In a case that may help shape the boundaries between local and state oversight of natural resources development, on January 12, 2009, the Colorado Supreme Court struck down a Summit County land use ordinance that prohibited the use of cyanide and other toxic or acidic chemicals in heap or vat leach mining operations. In its decision in Colorado Mining Association v. Board of County Commissioners of Summit County, the Court upheld the supremacy of state legislation over local regulation and indicated that generally, counties, particularly statutory counties, cannot completely ban an activity that the state legislature has specifically authorized.  

This case arose in 2004 after Summit County passed a land use ordinance that prohibited the use of “cyanide or other toxic/acidic ore-processing reagents in heap or vat leach applications” in any zoning district in the county. The Colorado Mining Association (CMA) challenged this decision. The district court ruled in favor of CMA, holding that the ordinance was expressly preempted by the Mined Land Reclamation Act (MLRA). The County appealed and the court of appeals reversed the district court decision finding that the MLRA did not preempt the ordinance, holding that the complete prohibition was not a reclamation standard because in the absence of operations utilizing cyanide, there would not be any reclamation. The Supreme Court granted certiorari and reversed the court of appeals decision.  

The use of cyanide or toxic or acidic chemicals for mineral extraction has been a controversial topic in Colorado since the Summitville Mine incident in 1993, and the Colorado General Assembly responded by passing amendments to the MLRA that give the Mined Land Reclamation Board (the Board) very specific authority to regulate the use of such chemicals in a manner that protects human health, property and the environment.  

In this case, the Court held that the Board’s statutory authority to regulate the use of toxic or acidic chemicals in mineral extraction impliedly preempted the Summit County ordinance. Implied preemption occurs in regards to statutory counties when the state expresses a “sufficiently dominant” interest in a subject that there is no room for local regulation of the same subject matter. The Court held that through the amendments to the MLRA, the General Assembly demonstrated that the state had a sufficiently dominant interest in both mineral development and in human health and environmental protection that the MLRA so occupied the field of regulating the use of toxic or acidic chemicals in mining operations that it impliedly preempted the ordinance. The Court recognized that, as a statutory county, Summit County had an interest in mining operations within its boundaries and recognized the County’s land use authority, but held that the County could not use a general prohibition to negate a “more specifically drawn statutory provision the General Assembly has enacted.” The “General Assembly granted the Board extensive authority to authorize and regulate mining operations proposing to utilize toxic or acidic chemicals for mineral extraction,” and so a statutory county could not completely ban the use of toxic or acidic chemicals.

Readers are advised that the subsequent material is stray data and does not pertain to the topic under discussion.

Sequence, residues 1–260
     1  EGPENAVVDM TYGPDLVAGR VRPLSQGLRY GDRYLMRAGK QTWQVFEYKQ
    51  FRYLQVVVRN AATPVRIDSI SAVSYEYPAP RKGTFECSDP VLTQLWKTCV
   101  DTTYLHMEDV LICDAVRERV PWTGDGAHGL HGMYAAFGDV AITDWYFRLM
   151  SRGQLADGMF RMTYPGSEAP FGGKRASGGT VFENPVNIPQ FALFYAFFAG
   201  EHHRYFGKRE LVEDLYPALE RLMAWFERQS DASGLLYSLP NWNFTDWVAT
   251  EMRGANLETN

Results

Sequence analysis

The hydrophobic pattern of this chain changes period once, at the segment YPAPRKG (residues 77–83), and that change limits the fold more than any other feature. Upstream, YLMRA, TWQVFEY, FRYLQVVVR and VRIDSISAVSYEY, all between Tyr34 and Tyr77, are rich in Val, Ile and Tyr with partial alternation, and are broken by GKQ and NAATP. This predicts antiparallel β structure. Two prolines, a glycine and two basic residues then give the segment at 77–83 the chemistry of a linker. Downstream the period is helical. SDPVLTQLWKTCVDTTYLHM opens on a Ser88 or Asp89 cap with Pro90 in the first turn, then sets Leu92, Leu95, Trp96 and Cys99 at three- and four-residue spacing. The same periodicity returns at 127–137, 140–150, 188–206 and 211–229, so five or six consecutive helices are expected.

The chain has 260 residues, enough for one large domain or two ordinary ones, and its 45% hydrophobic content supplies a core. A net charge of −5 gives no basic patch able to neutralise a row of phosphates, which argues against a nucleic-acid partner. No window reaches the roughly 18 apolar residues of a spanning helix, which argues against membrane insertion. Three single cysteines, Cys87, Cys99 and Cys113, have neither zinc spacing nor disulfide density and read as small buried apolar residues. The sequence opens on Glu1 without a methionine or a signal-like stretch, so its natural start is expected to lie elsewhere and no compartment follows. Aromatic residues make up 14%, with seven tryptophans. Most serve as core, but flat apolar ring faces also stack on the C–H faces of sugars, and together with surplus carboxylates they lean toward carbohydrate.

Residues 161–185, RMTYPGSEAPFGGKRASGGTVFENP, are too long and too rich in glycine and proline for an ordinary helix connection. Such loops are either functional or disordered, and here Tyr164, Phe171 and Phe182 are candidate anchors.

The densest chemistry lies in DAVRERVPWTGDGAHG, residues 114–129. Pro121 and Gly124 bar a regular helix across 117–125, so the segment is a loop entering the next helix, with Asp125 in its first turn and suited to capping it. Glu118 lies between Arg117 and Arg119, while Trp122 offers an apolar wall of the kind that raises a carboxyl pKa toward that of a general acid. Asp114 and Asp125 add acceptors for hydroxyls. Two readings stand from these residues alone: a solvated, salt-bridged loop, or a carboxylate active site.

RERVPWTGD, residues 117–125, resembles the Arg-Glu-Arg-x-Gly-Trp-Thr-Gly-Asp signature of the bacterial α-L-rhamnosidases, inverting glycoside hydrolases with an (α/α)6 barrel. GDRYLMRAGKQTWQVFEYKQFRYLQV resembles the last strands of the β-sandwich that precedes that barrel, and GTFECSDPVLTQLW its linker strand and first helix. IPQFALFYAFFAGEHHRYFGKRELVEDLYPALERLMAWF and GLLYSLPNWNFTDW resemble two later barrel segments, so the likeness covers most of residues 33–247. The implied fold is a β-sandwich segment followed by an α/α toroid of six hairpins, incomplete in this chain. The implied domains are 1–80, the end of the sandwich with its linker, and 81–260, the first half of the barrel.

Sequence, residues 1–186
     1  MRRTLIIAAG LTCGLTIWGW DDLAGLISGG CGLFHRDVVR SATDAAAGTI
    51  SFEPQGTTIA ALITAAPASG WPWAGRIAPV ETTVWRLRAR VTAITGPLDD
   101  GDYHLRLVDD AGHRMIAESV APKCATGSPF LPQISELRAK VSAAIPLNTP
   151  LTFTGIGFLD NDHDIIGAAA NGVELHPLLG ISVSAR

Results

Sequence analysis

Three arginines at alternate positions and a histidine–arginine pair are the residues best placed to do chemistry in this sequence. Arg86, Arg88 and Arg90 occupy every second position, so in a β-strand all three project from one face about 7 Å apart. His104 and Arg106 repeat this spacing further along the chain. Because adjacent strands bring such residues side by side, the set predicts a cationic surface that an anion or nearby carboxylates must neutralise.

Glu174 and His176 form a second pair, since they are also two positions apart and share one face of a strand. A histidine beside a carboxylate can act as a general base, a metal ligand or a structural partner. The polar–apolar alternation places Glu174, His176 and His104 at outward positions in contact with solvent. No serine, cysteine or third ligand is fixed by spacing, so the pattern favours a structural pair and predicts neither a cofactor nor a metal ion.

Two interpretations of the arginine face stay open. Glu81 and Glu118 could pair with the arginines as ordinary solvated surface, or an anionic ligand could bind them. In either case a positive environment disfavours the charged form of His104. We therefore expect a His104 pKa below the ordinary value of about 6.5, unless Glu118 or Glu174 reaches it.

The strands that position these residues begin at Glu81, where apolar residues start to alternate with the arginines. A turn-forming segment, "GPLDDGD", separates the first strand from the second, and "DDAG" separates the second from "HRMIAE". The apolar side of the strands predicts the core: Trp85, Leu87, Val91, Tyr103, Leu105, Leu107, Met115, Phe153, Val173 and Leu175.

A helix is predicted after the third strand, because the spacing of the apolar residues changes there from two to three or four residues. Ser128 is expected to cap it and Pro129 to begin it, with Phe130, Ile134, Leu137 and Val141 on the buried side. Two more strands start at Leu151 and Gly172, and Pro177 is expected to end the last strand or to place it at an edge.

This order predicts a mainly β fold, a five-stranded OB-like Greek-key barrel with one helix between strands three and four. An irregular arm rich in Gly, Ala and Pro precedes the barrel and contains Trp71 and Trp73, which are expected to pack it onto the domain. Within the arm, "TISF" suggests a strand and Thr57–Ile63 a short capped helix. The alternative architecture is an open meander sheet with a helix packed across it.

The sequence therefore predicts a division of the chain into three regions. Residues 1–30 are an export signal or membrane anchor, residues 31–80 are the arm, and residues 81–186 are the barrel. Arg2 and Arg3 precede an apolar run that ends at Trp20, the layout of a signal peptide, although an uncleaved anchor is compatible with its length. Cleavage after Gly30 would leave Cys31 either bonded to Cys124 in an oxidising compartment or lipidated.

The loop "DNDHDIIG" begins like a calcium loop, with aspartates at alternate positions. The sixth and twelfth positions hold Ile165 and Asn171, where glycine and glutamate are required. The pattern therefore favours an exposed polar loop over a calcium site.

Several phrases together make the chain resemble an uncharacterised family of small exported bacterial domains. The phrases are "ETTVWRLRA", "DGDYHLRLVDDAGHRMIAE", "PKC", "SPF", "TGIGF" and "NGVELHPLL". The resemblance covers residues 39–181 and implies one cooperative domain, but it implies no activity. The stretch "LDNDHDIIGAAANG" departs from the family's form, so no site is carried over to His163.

The Court spent significant time discussing the different treatment of statutory counties and “home-rule” cities or counties. Statutory counties are given land use and other governing authority through statutory grants by the General Assembly. Home-rule cities and counties are given their land use and other governing authority by the Colorado Constitution. The source of a county’s authority is important to the preemption analysis because a statutory county’s regulations are more easily preempted than a home-rule city or county. Statutory counties’ authority is limited to that given to them by the General Assembly, and so, to the extent there is conflict, a specific statute passed by the General Assembly regulating a subject will preempt local regulations passed under the general regulatory authority granted to the counties by statute. Home-rule cities and counties derive their regulatory authority from the state constitution, and so a more stringent analysis is required before finding that a land use ordinance is preempted.

The Court did not specifically find that a home-rule city or county ordinance similar to the Summit County ordinance would be upheld or struck down on the basis of implied preemption, but home-rule cities and counties are still subject to a preemption analysis, and a similar decision could be reached in regards to home-rule cities or counties. In 1992, the Colorado Supreme Court in Voss v. Lundvall Bros., invalidated an ordinance passed by the City of Greeley, a home-rule city, that completely banned the drilling of oil or gas wells within the corporate limits of the city. The Court held that the city ordinance was preempted by the Colorado Oil and Gas Conservation Act.  

In the short term, this decision may lead to the challenge of ordinances in other counties which have similarly restrictive provisions. Ultimately though, this decision may increase the effort by some groups to pass legislation specifically granting counties greater land use rights over mining operations. House Bill 08-1165, which did not make it out of the House in the 2008 session, is an example of this type of legislation. The mining industry should anticipate increased efforts to pass such legislation.